The Objects

3rd Jul 1815

globe 2.jpg
Source: © National Maritime Museum, Greenwich, London

A globe to mark the re-establishment of the Bourbon succession

Contributed by: Elodie Duché

The ‘Antipodes de Paris’

On 3 July 1815, the French defence of Paris was overcome by the Prussians at the Battle of Issy, leading the Conseil de Défense to surrender. As the forces of the Seventh Coalition prepared to reconquer the capital, Louis XVIII gathered a Cabinet topographique du Roi and commissioned Pierre Lapie, a commercial map-maker for the Bastien and Langlois manufactures, to chart this reversal of power in a terrestrial globe. This piece aimed to represent, allegorically as much as scientifically, the ‘antipodes of Paris’. Dedicated to the Duchesse d’Angoulême, the only living child of Marie-Antoinette and Louis XVI, this globe solemnised the re-establishment of the Bourbon succession.

The geographical details offer evidence of the political nature of this object: France was depicted within the lines of its former pré carré, and the trajectories of four ancien regime explorers were shown, such as those of Columbus in 1492-1493 and those of Bougainville in 1768-1769. Yet, what appears intriguing is that, as a token of monarchical loyalism, this globe syncretised a residual symbolism of the Napoleonic conquests with aspirations to restore an exiled vision of the world. This is particularly evident in the choice of Egyptian columns to uphold the globe’s table. The depiction of Tasmania, as an island, was also up-to-date and informed by both Flinders’ discoveries and Baudin and Freycinet’s map of the Australian coastline published in 1811, which suggests the ambivalent nature of the information and symbols mobilised in this piece. This melange was partly owing to the fact Pierre Lapie had developed his trade under Napoleon, and sold his globes as elegant ornaments to the French imperial elites before serving the Bourbons in their attempt to refashion themselves in time and space after Waterloo.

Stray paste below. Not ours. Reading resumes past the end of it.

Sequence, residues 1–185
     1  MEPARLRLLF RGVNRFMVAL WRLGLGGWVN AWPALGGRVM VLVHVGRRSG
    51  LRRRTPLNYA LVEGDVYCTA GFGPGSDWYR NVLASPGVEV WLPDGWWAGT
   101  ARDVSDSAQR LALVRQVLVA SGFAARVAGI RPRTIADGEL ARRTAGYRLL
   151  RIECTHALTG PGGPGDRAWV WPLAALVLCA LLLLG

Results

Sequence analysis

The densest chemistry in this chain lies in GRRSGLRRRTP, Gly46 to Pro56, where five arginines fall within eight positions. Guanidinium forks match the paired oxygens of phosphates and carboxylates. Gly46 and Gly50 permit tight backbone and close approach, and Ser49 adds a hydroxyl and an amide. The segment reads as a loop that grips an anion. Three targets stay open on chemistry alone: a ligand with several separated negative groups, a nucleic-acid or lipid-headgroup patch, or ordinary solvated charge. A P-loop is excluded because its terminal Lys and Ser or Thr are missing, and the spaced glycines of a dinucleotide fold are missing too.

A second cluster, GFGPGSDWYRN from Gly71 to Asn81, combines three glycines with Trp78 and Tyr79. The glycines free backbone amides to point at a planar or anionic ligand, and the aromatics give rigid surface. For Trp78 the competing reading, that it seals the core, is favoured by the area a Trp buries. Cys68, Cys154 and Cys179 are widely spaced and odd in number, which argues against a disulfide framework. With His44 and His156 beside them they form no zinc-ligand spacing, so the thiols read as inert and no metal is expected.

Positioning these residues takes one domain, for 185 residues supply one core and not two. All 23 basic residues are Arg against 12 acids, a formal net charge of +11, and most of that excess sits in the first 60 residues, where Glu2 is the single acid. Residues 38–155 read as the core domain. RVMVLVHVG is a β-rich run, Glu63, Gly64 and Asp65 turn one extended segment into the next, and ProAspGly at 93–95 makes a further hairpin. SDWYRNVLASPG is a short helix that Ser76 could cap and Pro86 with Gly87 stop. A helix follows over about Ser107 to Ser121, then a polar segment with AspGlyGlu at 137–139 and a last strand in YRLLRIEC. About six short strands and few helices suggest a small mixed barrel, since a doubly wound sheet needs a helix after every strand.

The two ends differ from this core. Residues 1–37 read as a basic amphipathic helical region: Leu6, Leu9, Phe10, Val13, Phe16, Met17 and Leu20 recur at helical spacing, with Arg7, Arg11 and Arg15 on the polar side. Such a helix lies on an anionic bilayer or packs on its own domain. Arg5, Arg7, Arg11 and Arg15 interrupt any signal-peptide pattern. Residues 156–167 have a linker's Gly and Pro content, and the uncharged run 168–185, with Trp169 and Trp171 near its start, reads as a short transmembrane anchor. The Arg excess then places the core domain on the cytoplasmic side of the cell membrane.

Overall, this ambiguous globe is a powerful testament that geography developed in close affinity with state-formation during the period, and that its purpose was to address political as much as scientific and commercial interests.


Further Reading:

Jerry Brotton, Trading Territories: Mapping the Early Modern World (London: Reaktion, 1997)

Elly Dekker, Globes at Greenwich (Oxford: Oxford University Press, 1999)

Anne Godlewska, Geography Unbound: French Geographic Science from Cassini to Humboldt (Chicago: University of Chicago Press, 1999).

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